UPDATED: Das Williams sent in his reply several days ago and I have now included it.
I am starting a new weekly feature where I ask the candidates for the 35th State Assembly District a question and then I post their replies.
This week I asked them to name some of the most influential teachers in their lives. Susan Jordan and Daniel Goldberg replied to my questions. Please read through their replies and then leave a comment with your thoughts. You don't need to register to comment but keep it classy.
Das Williams and Mike Stoker have not replied yet but I will add their thoughts if they send them in.
I appreciate the time of the candidates that sent in their replies. Please show them your appreciation by checking out their platforms, becoming a fan on Facebook, voting in the poll, or posting a comment. Show some appreciation for their time, especially for Susan Jordan's extended answer , and I am sure they will be back again.
The most influential teachers in my life:
I would have to start with the nuns at the St. Lawrence School in Upper Darby, Pennsylvania, starting with the Mother Superior, Sister Mary Nazareth and Sister Theresa. As the only child in my Catholic school who was being raised by a divorced working mother, my early years in Catholic School provided a strong framework for my work ethic and self-discipline. I became responsible at a very early age for tracking and completing my school assignments which was an important early lesson in independence and follow through. Also, the Mother Superior selected me as the student who would clean her office. Being selected for such a responsibility was a high honor and I felt empowered knowing that she had such tremendous confidence in me.
In undergraduate school, I was most influenced by the poet Robert Creeley and literature professor Art Efron. I was an admirer of Creeley's poetry and when I learned that he was teaching at the State University of New York at Buffalo, I chose that campus to complete my undergraduate liberal arts degree. His classes, held in a freezing trailer, consisted mostly of graduate students. I was inspired by his honesty and his dedication to fostering creativity in his students. We were not expected to accept the status quo but encouraged to test our boundaries and create our own interpretations of important works of literature regardless of the critics. I was also very lucky to be accepted into Dr. Efron's graduate literature class that met at his home. The debate was lively and though I was the lone undergraduate, I felt that my views and interpretations were valued on an equal basis. The exploration of a range of themes - political, social, historical in literature gave my literature studies their first strong sense of the important role that politics plays in literature and every day life.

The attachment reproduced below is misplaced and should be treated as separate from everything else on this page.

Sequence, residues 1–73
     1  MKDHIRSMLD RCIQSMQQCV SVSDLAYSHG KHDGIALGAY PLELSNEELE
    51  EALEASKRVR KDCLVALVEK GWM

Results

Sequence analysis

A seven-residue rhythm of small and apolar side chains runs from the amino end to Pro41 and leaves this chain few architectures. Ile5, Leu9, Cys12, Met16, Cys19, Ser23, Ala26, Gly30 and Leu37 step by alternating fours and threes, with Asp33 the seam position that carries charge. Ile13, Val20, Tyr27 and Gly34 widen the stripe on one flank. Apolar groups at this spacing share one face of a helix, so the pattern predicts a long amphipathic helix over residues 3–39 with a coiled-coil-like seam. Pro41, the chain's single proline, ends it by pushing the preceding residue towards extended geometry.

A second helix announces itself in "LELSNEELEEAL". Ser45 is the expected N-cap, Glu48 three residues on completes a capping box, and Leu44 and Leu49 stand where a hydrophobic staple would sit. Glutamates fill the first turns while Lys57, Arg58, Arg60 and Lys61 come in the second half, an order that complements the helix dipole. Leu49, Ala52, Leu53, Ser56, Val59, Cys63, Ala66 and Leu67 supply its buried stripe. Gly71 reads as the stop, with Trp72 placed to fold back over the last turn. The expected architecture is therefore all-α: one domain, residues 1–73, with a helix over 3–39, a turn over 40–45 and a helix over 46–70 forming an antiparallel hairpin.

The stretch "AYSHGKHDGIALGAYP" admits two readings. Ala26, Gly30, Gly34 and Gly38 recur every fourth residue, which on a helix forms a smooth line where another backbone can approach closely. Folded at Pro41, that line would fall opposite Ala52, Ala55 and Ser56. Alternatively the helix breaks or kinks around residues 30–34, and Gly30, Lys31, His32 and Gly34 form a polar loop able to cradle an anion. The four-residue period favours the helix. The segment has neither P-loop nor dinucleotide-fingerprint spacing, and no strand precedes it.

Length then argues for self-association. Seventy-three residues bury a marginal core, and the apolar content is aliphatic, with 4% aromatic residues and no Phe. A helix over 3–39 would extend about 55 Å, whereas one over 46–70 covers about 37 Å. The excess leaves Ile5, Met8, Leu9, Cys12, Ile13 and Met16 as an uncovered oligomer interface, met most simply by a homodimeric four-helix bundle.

Finally, at graduate school at the University of Pennsylvania, I was most inspired by the woman who headed the University's Student Health Center. I regret that I cannot recall her name. What I do recall is the confidence she demonstrated in my judgment and her commitment to providing the students that used the Student Health Center the best information and treatment available. Under her supervision of my internship for my Master's in Social Work, I was allowed to create and teach the Student Health Center's first programs on reproduction, birth control and sexually transmitted diseases to my fellow students. I understood the importance of access to medical information early on and it informs my goals to this day. Access is power.
I have several teachers that influenced me at my time at Santa Barbara City College. I was 17 and it was the year I moved out of my volkswagon bus into an apartment, first started in politics and became a Christian. Dr. Craig Fusaro (who now leads efforts to restore local fish species) taught me Environmental Science with an emphasis on the SCIENCE, Dr. John Kay taught me the basics of government, Dr. Peter Haslund international relations and Dr. Manou Eskandari taught me how to teach. I also did not graduate high school and had no money, so the three poly sci professors I just named helped me get a modest scholarship to go to UC Berkeley.
I wouldn't say I have an influential teacher. If anyone really was influential, it was my Dad. He's a business owner and good man. He always taught me to be a good person and follow the law. He always taught me that you get what you want by working hard. He would be the most influential person in my life.
In the comments section you can leave suggestions for comments for next week.